Intermittent Fasting May Not Be a Useful Approach to Weight Loss, Study Suggests

  • Only eating meals during a certain period of time throughout the day—also called time-restricted eating—was not linked to weight loss over time, a new study found.
  • Rather than time-restricted eating, researchers found that the biggest indicator of weight loss over time was the size and frequency of meals a person ate each day.
  • There are still many questions to be answered about when fasting might be helpful, but experts say the best way to approach weight loss is sticking with small, sustainable changes that fit with each individual’s lifestyle and preferences.
man standing in kitchen drinking glass of water

Getty Images/Maryna Terletska

Time-restricted eating patterns—sometimes known as intermittent fasting—may not be as beneficial for weight loss as once previously thought, new research suggests.

The claim comes from a new study published last week in the Journal of the American Heart Association, which found that the biggest indicator of a person’s weight change over time was the frequency and size of meals they ate, rather than the timing of meals.

“More small meals [were] associated with weight loss over time. And more large or medium meals—or just more meals in general—[was] associated with weight gain over time,” study co-author Wendy Bennett, MD, MPH, associate professor of medicine at Johns Hopkins University School of Medicine, told Health. “And so that makes us think that timing doesn’t matter as much in terms of preventing weight gain or even promoting weight loss.”

Here’s what experts had to say about the study’s findings, which questions still remain about the benefits of some fasting, and why practicing time-restricted eating is likely unhelpful for most people in the long run.

Tracking Meals and Eating Periods Over Time

For the study, Dr. Bennett and her colleagues set out to determine if the intervals during which people were eating meals had anything to do with their weight changes over time. Researchers were particularly interested in the time between a person's first and last meal of the day.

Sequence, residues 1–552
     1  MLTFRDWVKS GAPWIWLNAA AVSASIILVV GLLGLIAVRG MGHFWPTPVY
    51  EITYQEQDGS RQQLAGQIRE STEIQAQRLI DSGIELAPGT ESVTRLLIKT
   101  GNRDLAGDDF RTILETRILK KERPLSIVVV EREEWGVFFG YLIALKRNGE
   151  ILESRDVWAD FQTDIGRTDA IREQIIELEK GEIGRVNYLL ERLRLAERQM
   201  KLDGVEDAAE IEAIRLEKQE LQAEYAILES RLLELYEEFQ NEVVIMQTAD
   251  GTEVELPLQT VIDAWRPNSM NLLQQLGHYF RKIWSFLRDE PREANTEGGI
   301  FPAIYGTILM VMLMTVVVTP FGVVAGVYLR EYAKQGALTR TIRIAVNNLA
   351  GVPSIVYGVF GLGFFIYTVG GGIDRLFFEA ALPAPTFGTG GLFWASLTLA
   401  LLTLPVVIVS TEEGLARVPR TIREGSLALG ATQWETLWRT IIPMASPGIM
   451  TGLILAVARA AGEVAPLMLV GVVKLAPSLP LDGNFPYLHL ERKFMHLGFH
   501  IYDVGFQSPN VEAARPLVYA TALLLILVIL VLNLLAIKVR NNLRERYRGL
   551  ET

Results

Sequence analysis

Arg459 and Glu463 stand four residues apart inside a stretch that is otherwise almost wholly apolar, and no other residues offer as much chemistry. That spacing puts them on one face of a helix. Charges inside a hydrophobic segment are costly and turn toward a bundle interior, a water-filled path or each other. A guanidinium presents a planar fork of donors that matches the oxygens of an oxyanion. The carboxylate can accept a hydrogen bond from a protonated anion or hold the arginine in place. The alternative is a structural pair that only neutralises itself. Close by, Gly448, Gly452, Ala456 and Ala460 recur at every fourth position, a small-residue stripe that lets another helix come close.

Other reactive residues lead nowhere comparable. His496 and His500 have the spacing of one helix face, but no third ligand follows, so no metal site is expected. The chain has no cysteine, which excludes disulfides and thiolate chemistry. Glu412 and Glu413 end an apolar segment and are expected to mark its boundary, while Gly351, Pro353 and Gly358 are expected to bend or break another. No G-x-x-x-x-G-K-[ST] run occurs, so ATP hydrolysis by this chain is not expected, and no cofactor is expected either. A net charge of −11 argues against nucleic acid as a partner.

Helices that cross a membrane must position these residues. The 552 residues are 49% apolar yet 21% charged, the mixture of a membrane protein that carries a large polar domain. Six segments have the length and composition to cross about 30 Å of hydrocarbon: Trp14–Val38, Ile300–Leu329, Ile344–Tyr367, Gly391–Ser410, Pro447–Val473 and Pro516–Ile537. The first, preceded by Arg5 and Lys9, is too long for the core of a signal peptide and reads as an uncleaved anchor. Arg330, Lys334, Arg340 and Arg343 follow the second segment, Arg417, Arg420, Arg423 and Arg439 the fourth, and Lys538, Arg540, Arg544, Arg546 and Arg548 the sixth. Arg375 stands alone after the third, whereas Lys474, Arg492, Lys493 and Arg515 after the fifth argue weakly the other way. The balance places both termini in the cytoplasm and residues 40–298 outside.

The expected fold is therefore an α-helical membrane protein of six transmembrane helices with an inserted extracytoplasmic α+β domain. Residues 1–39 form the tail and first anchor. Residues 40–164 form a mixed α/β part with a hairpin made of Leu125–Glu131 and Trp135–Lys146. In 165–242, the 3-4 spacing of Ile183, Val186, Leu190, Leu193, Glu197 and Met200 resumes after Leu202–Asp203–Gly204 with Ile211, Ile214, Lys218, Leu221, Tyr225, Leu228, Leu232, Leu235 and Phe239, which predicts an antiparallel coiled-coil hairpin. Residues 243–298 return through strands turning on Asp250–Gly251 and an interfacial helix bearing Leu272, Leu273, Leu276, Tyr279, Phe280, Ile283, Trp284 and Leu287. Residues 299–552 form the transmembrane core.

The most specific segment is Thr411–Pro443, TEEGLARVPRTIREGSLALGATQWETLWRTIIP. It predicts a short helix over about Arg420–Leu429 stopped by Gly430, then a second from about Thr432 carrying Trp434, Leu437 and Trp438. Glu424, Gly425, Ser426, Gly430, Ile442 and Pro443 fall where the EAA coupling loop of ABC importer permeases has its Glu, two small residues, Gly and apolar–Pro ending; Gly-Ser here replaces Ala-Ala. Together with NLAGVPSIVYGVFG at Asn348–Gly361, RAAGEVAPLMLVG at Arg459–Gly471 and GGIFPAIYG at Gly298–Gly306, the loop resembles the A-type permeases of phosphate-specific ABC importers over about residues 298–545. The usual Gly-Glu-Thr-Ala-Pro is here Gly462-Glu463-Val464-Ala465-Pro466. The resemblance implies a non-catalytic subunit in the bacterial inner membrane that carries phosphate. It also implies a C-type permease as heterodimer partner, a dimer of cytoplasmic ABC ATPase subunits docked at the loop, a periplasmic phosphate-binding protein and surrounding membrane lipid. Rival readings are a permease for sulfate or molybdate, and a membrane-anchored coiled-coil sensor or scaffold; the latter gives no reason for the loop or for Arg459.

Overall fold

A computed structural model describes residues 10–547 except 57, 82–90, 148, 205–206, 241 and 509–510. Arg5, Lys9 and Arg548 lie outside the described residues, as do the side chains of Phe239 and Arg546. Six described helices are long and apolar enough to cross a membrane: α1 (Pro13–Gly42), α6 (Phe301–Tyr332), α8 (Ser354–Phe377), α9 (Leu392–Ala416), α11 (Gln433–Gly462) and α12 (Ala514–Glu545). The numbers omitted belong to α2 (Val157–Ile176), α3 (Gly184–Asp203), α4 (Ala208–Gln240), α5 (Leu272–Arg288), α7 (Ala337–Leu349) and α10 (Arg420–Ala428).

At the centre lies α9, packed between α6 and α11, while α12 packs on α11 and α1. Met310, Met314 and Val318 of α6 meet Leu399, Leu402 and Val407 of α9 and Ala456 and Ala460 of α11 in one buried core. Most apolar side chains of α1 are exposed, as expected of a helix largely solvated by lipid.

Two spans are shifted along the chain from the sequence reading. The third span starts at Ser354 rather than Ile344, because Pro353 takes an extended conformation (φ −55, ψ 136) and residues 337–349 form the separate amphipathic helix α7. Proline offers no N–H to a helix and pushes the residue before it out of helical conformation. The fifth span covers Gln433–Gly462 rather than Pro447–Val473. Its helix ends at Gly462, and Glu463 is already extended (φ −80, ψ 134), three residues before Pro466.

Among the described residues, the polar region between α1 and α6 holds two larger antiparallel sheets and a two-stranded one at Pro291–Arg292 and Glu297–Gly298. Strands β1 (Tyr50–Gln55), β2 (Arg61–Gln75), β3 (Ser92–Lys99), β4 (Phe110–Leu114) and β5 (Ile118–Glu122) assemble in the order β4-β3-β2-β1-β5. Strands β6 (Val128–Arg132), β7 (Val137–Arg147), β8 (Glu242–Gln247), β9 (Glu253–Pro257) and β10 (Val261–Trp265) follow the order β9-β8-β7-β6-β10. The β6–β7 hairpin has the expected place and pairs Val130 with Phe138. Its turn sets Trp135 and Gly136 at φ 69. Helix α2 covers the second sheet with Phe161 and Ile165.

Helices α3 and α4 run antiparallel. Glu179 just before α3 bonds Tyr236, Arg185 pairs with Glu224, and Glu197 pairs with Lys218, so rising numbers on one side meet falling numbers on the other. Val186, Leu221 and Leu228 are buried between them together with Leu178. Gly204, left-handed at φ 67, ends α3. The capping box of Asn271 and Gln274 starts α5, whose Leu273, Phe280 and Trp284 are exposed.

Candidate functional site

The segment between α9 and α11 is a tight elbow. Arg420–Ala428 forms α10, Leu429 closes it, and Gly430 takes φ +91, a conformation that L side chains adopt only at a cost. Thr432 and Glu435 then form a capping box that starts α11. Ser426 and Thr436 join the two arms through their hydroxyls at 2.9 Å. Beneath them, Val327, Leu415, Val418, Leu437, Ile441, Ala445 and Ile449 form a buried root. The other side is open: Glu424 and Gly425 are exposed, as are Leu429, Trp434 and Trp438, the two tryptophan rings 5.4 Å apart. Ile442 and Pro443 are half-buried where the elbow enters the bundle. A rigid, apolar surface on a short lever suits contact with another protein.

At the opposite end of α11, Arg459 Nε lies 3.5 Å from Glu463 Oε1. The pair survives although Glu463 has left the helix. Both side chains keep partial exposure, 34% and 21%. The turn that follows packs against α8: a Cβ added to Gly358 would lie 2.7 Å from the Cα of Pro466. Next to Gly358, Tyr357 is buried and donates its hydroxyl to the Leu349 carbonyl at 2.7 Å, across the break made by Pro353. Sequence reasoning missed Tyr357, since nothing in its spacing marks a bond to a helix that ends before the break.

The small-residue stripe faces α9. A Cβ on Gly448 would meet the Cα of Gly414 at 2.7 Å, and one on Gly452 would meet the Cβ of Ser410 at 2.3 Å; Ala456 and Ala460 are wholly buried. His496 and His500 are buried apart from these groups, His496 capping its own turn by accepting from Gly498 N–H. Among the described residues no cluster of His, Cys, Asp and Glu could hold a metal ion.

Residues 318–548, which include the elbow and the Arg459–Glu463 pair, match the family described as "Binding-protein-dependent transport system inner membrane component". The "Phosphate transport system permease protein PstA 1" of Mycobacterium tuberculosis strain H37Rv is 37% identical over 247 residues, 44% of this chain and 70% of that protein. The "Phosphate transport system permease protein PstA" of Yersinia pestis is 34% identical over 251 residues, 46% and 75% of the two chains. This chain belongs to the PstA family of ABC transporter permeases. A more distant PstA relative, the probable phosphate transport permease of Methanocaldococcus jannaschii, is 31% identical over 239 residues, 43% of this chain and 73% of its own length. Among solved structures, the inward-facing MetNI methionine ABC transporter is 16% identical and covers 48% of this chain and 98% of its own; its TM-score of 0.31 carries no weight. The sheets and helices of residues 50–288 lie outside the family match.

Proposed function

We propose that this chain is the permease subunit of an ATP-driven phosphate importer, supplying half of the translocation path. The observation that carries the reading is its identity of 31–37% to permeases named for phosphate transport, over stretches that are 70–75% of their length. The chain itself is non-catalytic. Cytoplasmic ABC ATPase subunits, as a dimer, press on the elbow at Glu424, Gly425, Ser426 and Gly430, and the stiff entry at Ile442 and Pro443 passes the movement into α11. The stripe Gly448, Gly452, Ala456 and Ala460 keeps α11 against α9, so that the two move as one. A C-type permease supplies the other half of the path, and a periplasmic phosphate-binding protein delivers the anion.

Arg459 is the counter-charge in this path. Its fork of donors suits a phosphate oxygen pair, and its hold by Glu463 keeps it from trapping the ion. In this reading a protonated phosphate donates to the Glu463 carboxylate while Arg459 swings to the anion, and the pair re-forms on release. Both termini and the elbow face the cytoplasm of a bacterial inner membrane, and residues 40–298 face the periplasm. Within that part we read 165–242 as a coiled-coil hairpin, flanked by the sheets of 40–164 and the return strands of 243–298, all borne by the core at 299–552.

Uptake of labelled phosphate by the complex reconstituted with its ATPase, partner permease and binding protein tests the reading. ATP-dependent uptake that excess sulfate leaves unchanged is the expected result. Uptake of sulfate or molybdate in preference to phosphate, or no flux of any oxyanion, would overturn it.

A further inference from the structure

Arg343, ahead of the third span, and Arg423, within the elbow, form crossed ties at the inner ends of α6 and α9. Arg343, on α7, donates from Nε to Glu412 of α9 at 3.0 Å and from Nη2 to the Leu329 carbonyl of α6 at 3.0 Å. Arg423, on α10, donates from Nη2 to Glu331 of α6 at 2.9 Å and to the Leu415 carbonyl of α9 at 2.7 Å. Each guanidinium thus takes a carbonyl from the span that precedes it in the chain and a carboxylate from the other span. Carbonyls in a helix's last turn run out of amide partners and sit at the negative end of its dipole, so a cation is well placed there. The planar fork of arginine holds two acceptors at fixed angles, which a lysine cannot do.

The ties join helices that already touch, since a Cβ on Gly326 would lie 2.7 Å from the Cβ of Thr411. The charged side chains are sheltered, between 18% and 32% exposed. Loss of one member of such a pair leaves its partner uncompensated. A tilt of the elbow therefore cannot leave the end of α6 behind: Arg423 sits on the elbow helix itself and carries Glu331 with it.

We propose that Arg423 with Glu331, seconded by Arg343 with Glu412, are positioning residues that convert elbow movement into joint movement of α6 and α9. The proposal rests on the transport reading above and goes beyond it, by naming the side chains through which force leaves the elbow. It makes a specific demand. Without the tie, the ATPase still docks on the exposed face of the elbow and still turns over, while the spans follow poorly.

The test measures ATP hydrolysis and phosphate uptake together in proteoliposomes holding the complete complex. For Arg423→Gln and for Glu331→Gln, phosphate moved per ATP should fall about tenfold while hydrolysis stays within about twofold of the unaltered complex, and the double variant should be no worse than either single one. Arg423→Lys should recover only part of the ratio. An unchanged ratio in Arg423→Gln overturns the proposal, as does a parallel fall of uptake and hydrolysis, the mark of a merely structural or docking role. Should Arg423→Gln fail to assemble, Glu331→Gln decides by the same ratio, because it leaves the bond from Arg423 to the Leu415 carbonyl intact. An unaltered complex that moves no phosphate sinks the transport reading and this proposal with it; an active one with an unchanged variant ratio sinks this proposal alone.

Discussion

Over the course of six months, 547 participants—the majority of whom were white women with an average age of 51—used an app to track their sleeping habits, when they ate, and the approximate size of the meal or snack they ate. The average body-mass index (BMI) for participants was 30.8, which is considered obese by BMI standards.

BMI is a biased and outdated metric that uses your weight and height to make assumptions about body fat, and by extension, your health. This metric is flawed in many ways and does not factor in your body composition, ethnicity, sex, race, and age. Despite its flaws, the medical community still uses BMI because it’s an inexpensive and quick way to analyze health data.

Researchers then accessed their health data and weight for up to 10 years prior to the study—for most participants, researchers had access to about six years of data. Most participants said their eating habits had remained consistent, Dr. Bennett said, which allowed researchers to assume that those habits recorded over the course of the study were fairly similar to what was typical for each participant.

On average, 11.5 hours passed between the study participants’ first and last meal of the day. But even as this number changed, researchers didn’t see any difference in participants’ weight change. Rather, the frequency and size of the meals a person ate were better indicators of whether they would lose or gain weight over time.

Specifically, the total daily number of large meals (meals with more than 1,000 calories) and medium meals (meals with 500–1,000 calories) were associated with increased weight over the six-year follow-up period. Fewer small meals (meals with less than 500 calories) each day were associated with decreased weight.

The study could not determine whether certain types of intermittent fasting—such as 16:8, which consists of fasting for 16 hours and eating for eight within the course of a 24-hour day—have any impact on weight over time, Dr. Bennett explained.

But restricting the time that a person eats—for example, only eating between 10 a.m. and 6 p.m.—may not, at least for the general population, have a significant effect on weight loss.

Measuring Eating Habits Can Be Difficult

The study had a large sample size and was more rigorous than many other similar ones that have looked into this topic, Dr. Bennett said.

Even still, it can be challenging to glean meaning from this kind of data, Alice Lichtenstein, DSc, Gershoff professor of nutrition science and policy at the Friedman School of Nutrition Science and Policy at Tufts University, told Health.

“This is one of many studies,” she said. “This is what they found, but to conclude for everyone that it’s unlikely to be beneficial, is probably a bit of an overreach.”

There are other studies that have actually demonstrated some benefits to time-restricted eating, or intermittent fasting. Specifically, one study found that mice had a lower chance of metabolic diseases when they ate for just 8 hours during the day. Another review said 12 small studies showed similar weight loss results between people who did time-restricted eating and others who restricted their calories.